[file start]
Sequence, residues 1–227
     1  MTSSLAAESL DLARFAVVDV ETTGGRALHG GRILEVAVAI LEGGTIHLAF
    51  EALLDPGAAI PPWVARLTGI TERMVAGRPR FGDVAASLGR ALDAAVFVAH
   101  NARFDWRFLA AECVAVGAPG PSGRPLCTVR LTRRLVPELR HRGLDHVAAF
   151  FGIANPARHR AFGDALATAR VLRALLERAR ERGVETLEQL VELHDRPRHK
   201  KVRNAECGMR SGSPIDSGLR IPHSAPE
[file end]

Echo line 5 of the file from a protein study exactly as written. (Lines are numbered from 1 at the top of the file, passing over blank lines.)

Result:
   151  FGIANPARHR AFGDALATAR VLRALLERAR ERGVETLEQL VELHDRPRHK